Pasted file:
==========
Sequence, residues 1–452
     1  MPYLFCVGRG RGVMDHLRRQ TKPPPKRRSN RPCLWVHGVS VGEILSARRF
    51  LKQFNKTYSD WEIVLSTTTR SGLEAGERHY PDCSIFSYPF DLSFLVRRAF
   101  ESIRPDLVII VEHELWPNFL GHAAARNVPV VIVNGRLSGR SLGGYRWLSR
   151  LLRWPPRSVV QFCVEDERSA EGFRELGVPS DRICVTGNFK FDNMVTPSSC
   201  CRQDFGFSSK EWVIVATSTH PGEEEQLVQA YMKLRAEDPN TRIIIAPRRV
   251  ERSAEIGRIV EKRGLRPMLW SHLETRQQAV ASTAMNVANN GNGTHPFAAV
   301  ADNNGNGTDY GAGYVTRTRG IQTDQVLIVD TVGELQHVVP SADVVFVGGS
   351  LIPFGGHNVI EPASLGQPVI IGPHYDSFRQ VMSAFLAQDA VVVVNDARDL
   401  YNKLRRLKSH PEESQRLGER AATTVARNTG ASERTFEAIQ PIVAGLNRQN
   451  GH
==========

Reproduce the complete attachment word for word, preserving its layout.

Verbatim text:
Sequence, residues 1–452
     1  MPYLFCVGRG RGVMDHLRRQ TKPPPKRRSN RPCLWVHGVS VGEILSARRF
    51  LKQFNKTYSD WEIVLSTTTR SGLEAGERHY PDCSIFSYPF DLSFLVRRAF
   101  ESIRPDLVII VEHELWPNFL GHAAARNVPV VIVNGRLSGR SLGGYRWLSR
   151  LLRWPPRSVV QFCVEDERSA EGFRELGVPS DRICVTGNFK FDNMVTPSSC
   201  CRQDFGFSSK EWVIVATSTH PGEEEQLVQA YMKLRAEDPN TRIIIAPRRV
   251  ERSAEIGRIV EKRGLRPMLW SHLETRQQAV ASTAMNVANN GNGTHPFAAV
   301  ADNNGNGTDY GAGYVTRTRG IQTDQVLIVD TVGELQHVVP SADVVFVGGS
   351  LIPFGGHNVI EPASLGQPVI IGPHYDSFRQ VMSAFLAQDA VVVVNDARDL
   401  YNKLRRLKSH PEESQRLGER AATTVARNTG ASERTFEAIQ PIVAGLNRQN
   451  GH